Atrial fibrillation occurs when action potentials fire very rapidly within the pulmonary veins or atrium in a chaotic manner. The result is a very fast atrial rate — about 400 to 600 beats per minute. Because the atrial rate is so fast, and the action potentials produced are of such low amplitude, P waves will not be seen on the ECG in patients with atrial fibrillation.
At times, the P wave activity may be observed as “coarse fibrillatory waves,” and the term “coarse atrial fibrillation” is used, though there is no clinical significance to this finding.
The atrial action potentials all attempt to conduct through the atrioventricular node; however, the AV node becomes intermittently refractory and will only allow a certain number of atrial action potentials to reach the ventricles. This is the reason the ventricular rate is not also 400 to 600 bpm, but rather around 100 to 200 bpm. The degree to which action potentials can cross the AV node to the ventricles is variable and reduced by AV blocking medications.
Because the AV node is intermittently (not regularly) refractory, the QRS complexes that are produced when an atrial action potential does reach the ventricles will occur in an “irregularly irregular” manner, as there is no pattern to their frequency. This is commonly described as varying RR intervals.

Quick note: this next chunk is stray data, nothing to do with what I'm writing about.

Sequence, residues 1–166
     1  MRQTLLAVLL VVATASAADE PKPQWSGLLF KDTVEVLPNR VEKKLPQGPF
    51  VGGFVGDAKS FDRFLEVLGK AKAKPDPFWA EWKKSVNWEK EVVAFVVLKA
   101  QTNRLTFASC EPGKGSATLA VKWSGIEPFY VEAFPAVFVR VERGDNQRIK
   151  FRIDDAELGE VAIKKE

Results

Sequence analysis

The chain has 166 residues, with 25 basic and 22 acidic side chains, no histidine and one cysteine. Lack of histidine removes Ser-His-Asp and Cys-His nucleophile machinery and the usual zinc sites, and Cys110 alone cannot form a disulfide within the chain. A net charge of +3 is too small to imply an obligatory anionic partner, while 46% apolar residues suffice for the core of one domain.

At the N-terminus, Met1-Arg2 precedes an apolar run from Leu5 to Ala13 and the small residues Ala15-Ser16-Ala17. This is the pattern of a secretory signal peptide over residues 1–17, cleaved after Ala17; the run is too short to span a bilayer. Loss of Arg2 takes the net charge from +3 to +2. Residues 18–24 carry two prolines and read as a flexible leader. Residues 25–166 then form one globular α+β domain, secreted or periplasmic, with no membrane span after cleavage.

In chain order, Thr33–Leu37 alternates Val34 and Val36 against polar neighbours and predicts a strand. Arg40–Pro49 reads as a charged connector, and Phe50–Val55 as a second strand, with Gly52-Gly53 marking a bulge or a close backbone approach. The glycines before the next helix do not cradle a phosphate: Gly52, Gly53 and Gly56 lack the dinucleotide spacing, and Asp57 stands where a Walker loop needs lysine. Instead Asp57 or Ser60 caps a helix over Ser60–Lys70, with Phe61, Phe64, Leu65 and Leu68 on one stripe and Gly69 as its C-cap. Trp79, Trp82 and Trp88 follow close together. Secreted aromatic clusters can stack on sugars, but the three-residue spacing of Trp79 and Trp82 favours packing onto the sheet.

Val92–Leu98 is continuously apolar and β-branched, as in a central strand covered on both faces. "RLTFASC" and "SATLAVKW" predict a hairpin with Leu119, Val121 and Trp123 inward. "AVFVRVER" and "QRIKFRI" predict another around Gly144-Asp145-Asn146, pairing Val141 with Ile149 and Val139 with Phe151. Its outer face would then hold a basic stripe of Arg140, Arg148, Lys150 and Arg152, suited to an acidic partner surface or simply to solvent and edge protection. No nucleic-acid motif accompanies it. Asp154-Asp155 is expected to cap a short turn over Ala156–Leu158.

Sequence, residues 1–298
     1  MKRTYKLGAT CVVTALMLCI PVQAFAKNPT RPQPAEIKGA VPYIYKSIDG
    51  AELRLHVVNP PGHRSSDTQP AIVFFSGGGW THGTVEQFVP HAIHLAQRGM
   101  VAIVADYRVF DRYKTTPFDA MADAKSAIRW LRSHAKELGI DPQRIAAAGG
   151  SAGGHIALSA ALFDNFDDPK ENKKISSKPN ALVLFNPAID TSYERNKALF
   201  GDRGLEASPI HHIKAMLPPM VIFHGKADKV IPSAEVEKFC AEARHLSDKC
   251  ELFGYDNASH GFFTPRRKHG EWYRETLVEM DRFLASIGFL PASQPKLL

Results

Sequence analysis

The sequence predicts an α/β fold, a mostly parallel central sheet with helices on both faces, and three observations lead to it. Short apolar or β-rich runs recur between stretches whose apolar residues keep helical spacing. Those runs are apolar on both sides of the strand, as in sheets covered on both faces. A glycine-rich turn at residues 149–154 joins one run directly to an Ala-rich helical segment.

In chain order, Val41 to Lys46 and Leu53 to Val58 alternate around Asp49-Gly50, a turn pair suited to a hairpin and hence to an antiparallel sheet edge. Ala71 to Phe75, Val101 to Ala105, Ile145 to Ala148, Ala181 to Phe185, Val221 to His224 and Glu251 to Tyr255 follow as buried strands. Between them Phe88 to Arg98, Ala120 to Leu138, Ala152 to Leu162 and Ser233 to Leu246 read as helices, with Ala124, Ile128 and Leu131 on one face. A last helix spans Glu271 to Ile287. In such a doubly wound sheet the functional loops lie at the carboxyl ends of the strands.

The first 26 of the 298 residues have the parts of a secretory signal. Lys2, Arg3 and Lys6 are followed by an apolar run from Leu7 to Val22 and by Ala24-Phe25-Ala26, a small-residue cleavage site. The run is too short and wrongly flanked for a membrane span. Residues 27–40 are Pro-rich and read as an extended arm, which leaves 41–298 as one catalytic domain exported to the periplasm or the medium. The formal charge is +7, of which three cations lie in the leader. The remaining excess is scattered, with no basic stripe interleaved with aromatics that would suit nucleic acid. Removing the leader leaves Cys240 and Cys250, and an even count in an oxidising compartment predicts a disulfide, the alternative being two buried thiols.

The only two other rhythms that are irregularly irregular are atrial flutter with variable conduction and multifocal atrial tachycardia, or MAT. Atrial flutter has the typical “sawtooth pattern,” whereas multifocal atrial tachycardia requires three distinct P wave morphologies in one 12-lead ECG tracing. Note that there are quite a few arrhythmias that are regularly irregular, such as second-degree AV block type I (Wenkebach).
This means an ECG showing atrial fibrillation will have no visible P waves and an irregularly irregular QRS complex. The ventricular rate is frequently fast, unless the patient is on AV nodal blocking drugs such as beta-blockers or non-dihydropyridine calcium channel blockers. Fibrillatory waves may or may not be detected.
1. Chou’s Electrocardiography in Clinical Practice: Adult and Pediatric, 6e
2. Surawicz B, et al. AHA/ACCF/HRS Recommendations for the Standardization and Interpretation of the Electrocardiogram. Circulation. 2009;doi:10.1161/CIRCULATIONAHA.108.191095.